R.J. Martin et al. / Experimental Parasitology 132 (2012) 40–46


Fig. 1. Summary diagrams of emodepside structure, Slo-1 subunit and a model of the mode action of emodepside on nematode body muscle. (A) Emodepside (molecular formula C60H90N6014 molecular weight 1119.4). (B) Diagram of transmembrane structure of one Slo-1 subunit; each SLO-1 K channel is made up of 4 of these subunits. Emodepside may act in part presynaptically on neurons (C) and in part on body muscle (D). Emodepside may act directly on SLO-1 K channels in the muscle or neurons (1) or indirectly by stimulating latrophilin-like receptors and signaling cascades that may involve NO, protein Kinase C and/or calcium. The release of transmitters may also be affected by the activation of neuronal SLO-1 K channels. It is unlikely that emodepside acts at the extracellular surface of the SLO-1 K channel because of the slow time course of its action. It is very lipophilic and could act in the lipid membrane phase on the SLO-1 K channel or move into the cytoplasm and act intracellularly. A SLO-1 K subunit (B) and channel (C & D) is shown composed of 4 subunits along with the ‘RCK’ cytoplasmic regulatory region of the channel.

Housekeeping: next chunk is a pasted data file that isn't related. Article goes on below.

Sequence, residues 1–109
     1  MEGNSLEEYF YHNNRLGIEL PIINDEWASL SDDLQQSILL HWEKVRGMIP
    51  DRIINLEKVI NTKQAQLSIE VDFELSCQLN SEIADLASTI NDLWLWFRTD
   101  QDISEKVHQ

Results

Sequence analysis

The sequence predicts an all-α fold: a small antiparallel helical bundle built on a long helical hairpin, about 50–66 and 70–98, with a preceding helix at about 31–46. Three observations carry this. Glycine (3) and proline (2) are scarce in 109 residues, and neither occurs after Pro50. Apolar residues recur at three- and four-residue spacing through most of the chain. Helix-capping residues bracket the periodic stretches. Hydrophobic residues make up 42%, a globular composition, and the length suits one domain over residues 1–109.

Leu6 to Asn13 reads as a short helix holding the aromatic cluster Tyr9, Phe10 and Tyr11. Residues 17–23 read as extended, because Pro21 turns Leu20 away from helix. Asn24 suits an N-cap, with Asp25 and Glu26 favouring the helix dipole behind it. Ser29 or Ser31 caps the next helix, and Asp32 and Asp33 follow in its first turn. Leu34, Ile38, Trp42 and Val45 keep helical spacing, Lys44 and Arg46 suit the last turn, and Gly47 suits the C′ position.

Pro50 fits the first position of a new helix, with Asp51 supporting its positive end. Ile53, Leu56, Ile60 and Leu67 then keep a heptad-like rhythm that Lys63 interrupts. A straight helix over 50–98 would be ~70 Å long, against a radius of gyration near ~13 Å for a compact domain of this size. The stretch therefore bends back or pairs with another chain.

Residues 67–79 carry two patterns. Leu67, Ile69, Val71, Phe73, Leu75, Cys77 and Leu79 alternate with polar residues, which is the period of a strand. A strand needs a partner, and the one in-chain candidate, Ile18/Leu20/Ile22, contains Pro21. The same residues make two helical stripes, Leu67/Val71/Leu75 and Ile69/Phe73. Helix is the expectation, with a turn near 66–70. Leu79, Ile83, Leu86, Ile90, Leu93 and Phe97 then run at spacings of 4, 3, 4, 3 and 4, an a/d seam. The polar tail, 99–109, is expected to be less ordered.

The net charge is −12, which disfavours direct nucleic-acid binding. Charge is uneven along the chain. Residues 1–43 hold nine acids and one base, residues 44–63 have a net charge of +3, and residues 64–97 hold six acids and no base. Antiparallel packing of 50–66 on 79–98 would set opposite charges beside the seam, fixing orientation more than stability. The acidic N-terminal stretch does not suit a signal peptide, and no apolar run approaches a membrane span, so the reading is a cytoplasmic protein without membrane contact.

remains effective against resistant isolates, it suggests that emodepside has a different mode of action. 2.2. Does not act as a GABA agonist or nicotinic antagonist The earliest studies on the mechanisms of action of the cyclooctadepsipeptides used PF1022A. PF1022A seemed to exert its anthelmintic action on either nematode nerve or muscle rather than on its energy metabolism; low concentrations of PF1022A (